As his friends make their way home from a Friday or Saturday night out, Son gets on his bike (not in the political sense, I think) at 3.40 a.m. and cycles the six miles to work. His part time job at the weekend is selling books for the big bookshop chain at our local airport.
They open at 4.30 in the morning. By then Son will have gone through security like everyone else, which can include taking his shoes off to be X-rayed. And no drinks, just as for passengers. Drinks have to be bought at airport prices.
If the air conditioning in the shop worked it wouldn’t be so hot, but it doesn’t. One of the passengers passing through (who only happened to be an airport director) was so enraged by this that he took advantage of his position (apparently not allowed) to threaten Son. Good work, as it’s clearly Son’s fault that it’s hot, and all sixth formers are quite capable of repairing air conditioning systems. Especially when alone on duty with a queue of shoppers.
Company policy appears to be that staff mustn’t recommend books. They favour not displaying the books in the best way. (Son sold more books than ever, the morning he arrived to find water damaged books from a dripping ceiling, and simply piled them on the floor as a first measure.) And whenever the till doesn’t cope with plastic card chips, staff are supposed to not sell the customers their books.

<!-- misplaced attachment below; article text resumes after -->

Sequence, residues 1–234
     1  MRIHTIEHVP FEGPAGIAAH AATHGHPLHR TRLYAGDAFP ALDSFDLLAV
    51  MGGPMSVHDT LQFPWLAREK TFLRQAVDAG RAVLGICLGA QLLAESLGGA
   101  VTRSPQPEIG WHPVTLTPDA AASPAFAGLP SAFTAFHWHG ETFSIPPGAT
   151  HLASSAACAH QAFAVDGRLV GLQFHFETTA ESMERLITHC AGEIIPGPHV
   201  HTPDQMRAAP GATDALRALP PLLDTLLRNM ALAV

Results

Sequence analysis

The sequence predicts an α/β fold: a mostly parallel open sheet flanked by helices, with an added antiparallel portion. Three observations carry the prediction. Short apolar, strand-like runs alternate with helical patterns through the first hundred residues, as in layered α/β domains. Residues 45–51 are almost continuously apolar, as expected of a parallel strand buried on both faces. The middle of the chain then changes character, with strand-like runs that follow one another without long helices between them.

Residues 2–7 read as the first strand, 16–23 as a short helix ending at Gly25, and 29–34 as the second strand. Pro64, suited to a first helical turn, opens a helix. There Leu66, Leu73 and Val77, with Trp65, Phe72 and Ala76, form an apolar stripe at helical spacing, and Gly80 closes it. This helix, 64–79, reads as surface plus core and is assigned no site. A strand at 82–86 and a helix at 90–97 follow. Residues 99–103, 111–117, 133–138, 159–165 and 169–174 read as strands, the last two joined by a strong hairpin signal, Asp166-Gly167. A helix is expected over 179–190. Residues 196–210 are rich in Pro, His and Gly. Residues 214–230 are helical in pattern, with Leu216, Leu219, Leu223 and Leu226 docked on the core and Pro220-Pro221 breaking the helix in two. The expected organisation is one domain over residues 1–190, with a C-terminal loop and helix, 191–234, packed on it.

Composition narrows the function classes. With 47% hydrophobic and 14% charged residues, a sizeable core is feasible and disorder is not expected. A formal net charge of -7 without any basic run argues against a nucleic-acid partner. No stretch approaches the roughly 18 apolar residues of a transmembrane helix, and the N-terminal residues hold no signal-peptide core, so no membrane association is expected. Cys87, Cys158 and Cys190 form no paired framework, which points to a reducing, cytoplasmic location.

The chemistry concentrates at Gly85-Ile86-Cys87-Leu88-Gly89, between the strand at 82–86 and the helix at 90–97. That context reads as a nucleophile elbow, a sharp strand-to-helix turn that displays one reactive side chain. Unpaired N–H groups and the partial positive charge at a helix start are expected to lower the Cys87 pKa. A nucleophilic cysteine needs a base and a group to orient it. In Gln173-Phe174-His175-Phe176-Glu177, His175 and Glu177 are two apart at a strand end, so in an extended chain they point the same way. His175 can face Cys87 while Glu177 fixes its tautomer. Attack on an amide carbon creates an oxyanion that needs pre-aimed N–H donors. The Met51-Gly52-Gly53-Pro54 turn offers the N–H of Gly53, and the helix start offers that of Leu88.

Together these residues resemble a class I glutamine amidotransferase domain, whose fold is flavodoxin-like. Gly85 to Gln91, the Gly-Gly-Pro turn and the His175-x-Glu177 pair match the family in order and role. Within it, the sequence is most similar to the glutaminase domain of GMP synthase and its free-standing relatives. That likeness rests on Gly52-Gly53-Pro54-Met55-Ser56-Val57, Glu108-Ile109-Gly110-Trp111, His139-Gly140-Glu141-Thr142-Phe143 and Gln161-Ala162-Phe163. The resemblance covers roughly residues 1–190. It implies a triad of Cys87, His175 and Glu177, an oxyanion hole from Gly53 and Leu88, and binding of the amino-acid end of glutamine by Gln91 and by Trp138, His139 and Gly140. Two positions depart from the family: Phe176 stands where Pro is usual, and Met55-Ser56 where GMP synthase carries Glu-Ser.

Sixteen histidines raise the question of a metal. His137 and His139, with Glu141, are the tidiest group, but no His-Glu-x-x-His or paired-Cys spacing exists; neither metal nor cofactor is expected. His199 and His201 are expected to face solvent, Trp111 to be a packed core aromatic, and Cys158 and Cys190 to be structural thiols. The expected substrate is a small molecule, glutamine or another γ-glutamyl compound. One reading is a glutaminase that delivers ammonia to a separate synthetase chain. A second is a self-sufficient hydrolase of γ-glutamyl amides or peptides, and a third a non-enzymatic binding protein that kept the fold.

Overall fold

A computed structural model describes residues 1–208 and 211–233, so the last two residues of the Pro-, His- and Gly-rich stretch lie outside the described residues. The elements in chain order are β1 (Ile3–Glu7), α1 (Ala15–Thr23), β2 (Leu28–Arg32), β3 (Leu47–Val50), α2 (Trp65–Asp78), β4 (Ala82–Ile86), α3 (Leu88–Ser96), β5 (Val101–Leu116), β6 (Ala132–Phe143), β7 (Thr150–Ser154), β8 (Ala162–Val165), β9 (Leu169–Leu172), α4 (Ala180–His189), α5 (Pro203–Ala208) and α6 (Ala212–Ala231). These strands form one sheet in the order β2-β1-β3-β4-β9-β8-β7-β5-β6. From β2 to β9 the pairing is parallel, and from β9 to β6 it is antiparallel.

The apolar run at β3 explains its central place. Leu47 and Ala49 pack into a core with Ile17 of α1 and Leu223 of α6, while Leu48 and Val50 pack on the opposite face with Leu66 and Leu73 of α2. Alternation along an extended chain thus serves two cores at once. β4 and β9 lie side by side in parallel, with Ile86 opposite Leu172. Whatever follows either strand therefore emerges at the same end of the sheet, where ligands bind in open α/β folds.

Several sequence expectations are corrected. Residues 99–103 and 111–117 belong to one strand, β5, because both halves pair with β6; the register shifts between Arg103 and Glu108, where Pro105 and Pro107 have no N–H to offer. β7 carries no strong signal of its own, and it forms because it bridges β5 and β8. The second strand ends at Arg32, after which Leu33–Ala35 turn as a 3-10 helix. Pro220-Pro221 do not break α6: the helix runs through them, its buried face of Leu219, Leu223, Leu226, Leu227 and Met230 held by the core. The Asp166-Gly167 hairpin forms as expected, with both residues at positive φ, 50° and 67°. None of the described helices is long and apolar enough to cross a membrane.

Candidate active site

It’s an interesting and different concept, isn’t it? (Almost like the Swedish state owned off license shops that have a duty to dissuade customers from buying their goods. The idea really appeals to me…)
Anyway, Son sometimes sabotages these rules by giving advice, even occasionally recommending a book (you didn’t read that here!) or displaying books in such a way that they catch the customer’s eye.
I believe customers in so called travel shops are particularly good ones, as they buy more than those in the high street. Perhaps the extra revenue could cover a new, working, till and even pay for an air conditioning engineer? And if there’s any money left over, consider free drinks for staff.
I can tell from the Guardian Review that summer is here. Wouldn’t know it from the weather. It’s time to discuss holiday reading matter.
It’s all very well having the likes of Martin Amis list five books, and probably very long ones at that, to carry them through their holiday. What I want to know is, if you could only take one book this summer, which one would you choose?
I am re-organising my holiday dates, so I expect to have finished Harry Potter when it comes to going away. So looking at my current most urgent pile, I’d probably pick Mary Hoffman’s City of Flowers. It’s long(ish) and has had a long wait.
But I hope you understand that my suitcase will be full of books. Interesting exercise, though. And so difficult I’m relieved it was only an exercise.